How do you overcome a plateau while bodybuilding? During week five, March 08, 2020, of my muscle gain journey, I focused on overcoming a plateau. I had a great week, according to my Saturday measurements.
At this point, I have reached a plateau. When a plateau is reached, muscle size and strength converge and correlate. This means that strength increases at the same level as muscle size.
You can use your diet and sleep to overcome a plateau while bodybuilding.
Diet and sleep are anabolic activities that are critical to breaking above a plateau. You can’t just work your body through a plateau while bodybuilding. You have to give your body something to work with. You must be a giver (diet and sleep) at this game level. It would be best to use a low carbohydrate, high protein diet to increase muscle size without causing too much body fat.
I began tracking my sleep with an application called Pillow. The quantity and quality of sleep matter. The four factors determining sleep quality are awake, REM, light, and deep sleep time. Deep sleep is the most important because that is where HGH and other hormones are produced. Deep sleep is where your body acts like a computer shutting down for upgrades.
I am a compound lifter because of my age, goals, and needs. A workout should be personalized because of body type, genetics, medical, and behaviors. There is no perfect, right, or wrong workout. There are only workouts your body responds to or does not.
This week I added some isometric lifts to help overcome the plateau I encountered while bodybuilding. Initially, I thought I would keep the status quo, but I second-guessed myself. Why not focus more on the chest and legs during the week?
How to use measurements to overcome a plateau
This week’s measurements were focused on my diet, sleep, and appearance to help overcome the plateau I encountered while bodybuilding. The challenging thing about putting on muscle is putting on fat.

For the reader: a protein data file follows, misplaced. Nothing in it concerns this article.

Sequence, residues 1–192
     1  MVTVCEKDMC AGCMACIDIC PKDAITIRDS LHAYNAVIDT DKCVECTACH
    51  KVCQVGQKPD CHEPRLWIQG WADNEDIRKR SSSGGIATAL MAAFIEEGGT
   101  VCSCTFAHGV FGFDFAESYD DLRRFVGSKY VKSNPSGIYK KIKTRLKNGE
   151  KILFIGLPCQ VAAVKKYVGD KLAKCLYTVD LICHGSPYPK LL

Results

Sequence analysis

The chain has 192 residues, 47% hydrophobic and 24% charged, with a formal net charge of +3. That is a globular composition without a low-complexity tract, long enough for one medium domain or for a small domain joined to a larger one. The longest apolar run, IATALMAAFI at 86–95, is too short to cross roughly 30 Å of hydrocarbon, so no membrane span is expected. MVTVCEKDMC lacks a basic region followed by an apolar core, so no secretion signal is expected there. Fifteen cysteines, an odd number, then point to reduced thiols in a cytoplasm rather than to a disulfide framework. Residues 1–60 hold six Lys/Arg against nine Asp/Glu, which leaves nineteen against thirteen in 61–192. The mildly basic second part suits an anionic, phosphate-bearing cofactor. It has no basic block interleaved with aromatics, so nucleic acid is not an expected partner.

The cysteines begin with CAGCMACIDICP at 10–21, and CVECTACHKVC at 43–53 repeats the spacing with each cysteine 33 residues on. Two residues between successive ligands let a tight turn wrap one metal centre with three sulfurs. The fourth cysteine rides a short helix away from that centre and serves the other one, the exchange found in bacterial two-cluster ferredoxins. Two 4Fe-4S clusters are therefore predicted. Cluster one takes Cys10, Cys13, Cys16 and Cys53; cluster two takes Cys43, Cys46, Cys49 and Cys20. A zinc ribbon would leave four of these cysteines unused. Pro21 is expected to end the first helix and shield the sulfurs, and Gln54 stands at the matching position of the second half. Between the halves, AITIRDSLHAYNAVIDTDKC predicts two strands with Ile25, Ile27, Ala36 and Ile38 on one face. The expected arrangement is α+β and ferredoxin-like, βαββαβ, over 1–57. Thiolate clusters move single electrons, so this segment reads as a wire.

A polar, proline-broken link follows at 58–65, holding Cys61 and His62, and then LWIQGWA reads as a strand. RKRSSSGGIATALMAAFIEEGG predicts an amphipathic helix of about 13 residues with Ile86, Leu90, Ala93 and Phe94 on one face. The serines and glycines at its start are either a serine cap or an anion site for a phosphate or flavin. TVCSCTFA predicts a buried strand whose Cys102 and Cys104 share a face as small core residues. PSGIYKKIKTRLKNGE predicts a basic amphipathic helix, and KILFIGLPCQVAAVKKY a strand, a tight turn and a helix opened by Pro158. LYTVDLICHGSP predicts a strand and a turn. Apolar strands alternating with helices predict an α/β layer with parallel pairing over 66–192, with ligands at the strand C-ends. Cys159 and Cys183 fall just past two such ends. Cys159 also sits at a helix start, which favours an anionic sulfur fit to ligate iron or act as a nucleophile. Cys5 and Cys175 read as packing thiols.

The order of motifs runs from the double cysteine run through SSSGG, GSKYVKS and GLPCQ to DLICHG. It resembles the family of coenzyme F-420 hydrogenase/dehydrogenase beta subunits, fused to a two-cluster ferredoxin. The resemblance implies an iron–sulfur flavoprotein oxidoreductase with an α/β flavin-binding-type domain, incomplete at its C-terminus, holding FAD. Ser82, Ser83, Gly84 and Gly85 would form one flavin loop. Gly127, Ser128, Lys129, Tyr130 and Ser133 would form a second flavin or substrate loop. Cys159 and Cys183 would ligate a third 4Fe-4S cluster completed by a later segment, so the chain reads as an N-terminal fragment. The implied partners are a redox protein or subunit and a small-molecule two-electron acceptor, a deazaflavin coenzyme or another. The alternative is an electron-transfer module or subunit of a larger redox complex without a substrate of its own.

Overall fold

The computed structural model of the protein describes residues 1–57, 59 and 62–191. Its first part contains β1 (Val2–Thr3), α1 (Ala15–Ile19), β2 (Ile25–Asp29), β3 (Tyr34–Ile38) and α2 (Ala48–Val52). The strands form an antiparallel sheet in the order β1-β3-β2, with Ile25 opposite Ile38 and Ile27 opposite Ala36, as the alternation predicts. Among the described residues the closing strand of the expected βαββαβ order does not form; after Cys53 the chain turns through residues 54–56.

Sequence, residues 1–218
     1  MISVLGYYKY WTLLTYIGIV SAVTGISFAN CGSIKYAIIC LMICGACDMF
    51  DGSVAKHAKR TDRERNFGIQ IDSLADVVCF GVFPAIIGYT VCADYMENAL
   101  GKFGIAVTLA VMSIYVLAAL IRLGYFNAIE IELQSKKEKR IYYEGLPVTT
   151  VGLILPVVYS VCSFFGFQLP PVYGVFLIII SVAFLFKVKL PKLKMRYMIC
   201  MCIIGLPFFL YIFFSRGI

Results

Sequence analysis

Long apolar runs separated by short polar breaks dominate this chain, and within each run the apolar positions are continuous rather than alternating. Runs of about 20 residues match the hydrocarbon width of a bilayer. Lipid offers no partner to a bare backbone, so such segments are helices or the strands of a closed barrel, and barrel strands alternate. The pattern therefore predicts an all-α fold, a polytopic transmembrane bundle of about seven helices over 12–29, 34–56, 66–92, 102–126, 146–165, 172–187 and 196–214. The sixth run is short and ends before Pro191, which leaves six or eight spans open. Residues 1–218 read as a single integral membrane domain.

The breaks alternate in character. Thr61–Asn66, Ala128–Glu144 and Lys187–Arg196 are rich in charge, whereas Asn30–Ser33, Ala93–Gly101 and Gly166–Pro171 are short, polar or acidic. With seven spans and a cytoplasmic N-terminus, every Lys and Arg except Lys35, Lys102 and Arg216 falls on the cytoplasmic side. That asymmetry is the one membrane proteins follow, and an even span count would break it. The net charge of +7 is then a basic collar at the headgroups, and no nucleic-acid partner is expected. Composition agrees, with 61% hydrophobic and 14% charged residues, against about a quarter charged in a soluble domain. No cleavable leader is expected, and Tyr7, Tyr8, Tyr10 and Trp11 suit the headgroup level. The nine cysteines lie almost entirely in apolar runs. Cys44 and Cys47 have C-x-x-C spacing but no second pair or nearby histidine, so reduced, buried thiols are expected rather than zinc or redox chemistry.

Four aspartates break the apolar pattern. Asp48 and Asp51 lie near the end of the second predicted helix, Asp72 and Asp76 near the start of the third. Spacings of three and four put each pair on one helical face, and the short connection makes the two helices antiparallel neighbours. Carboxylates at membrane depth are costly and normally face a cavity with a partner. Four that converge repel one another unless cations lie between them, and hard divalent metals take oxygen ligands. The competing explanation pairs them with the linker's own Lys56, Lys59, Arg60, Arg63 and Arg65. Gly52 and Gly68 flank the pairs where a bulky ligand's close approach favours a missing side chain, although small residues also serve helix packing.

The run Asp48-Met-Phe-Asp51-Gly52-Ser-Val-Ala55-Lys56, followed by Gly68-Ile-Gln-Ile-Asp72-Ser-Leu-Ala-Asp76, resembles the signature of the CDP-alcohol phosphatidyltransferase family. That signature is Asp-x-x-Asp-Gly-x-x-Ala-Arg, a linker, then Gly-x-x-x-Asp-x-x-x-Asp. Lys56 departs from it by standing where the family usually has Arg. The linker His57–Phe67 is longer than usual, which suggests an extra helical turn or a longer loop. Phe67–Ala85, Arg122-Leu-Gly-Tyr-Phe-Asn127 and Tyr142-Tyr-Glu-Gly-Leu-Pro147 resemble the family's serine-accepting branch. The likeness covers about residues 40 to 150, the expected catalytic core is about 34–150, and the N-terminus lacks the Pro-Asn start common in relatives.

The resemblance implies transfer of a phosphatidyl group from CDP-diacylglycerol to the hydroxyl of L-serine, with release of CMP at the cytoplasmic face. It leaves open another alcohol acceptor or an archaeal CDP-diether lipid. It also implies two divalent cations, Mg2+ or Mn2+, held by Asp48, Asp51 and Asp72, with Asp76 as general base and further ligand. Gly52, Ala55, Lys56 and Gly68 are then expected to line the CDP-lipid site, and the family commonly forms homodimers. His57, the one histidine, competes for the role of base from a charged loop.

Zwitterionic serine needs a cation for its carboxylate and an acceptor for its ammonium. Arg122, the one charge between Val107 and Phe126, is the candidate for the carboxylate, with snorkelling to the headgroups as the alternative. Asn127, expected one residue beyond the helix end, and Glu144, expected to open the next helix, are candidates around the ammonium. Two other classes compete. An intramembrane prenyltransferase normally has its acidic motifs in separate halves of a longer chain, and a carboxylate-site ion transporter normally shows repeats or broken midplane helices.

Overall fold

The best way to build muscle is to eat a 200 to 500-calorie surplus. The more you eat, the higher percentage of body fat you put on and the less muscle you put on. Food is just like us; it comes in all sizes. I started measuring my meals on a food scale. The size of a chicken breast determines its calories, not the nutrition facts.
Food producers don’t weigh every chicken breast or try to make them the same amount of calories. The more muscle you want to gain, the more critical and precise you have to be with your diet. Overcoming a plateau while bodybuilding is about making tradeoffs. You have to give something to get something.
A person who wants a six-pack must cut sugars and process foods and carbs out of their diet.
If you can’t give up those things, forget about a six-pack. Some people accept a little body fat to enjoy sugar, processed foods, and carbs.
Sleep has always been challenging for me. I am a person who can live off of 4 hours of sleep, but this is not good. Sleep provides rest and helps you to overcome a plateau while bodybuilding. I decided to use Melatonin to increase my sleep and the type of sleep. Melatonin is a supplement that can be found in most vitamin stores.
Another thing I did was go to bed one hour earlier. According to Pillow, I spent 9 hours and 13 minutes in bed and 7 hours and 14 minutes sleeping. My sleep quality was 70%, while I spent 22% of the time awake, 14% REM, 36% light, and 28% deep sleep. There are opportunities for me to grow with my sleep. I intend to focus on my wake time and deep sleep next week.
I was supposed to take a photo during week four of my journey to compare it with my old picture. To truly change your body, you must become an expert on your body – know what it needs and how to change it. The traditional measurements are tremendous, but the industry only recommends them because they can monetize them. A picture says a thousand words. None of the conventional measurements tell you everything you need to know as a photo does.
After Saturday’s improvements with the squats and shoulder press, I intend to focus more on my diet, sleep, and isometric work.
I am close to my ceiling, so the margin of error is slim. You will need every edge you can get in and out of the gym to reach your potential. The first few weeks of a workout are always comfortable and fun because your body responds to almost anything you do. But around week six, when everything begins to converge, you must know what you are doing and do it with a purpose or goal in mind.
So my adjustments for week six are to sleep, eat better, add isometrics, and track them as my life depends on it. The tradeoff to getting bigger muscles is to watch, think, and make adjustments. You will not get bigger muscles if you can’t do that. How badly do you want it becomes the question? You are reading about it, so you want it bad enough to track the hell out of everything in sight.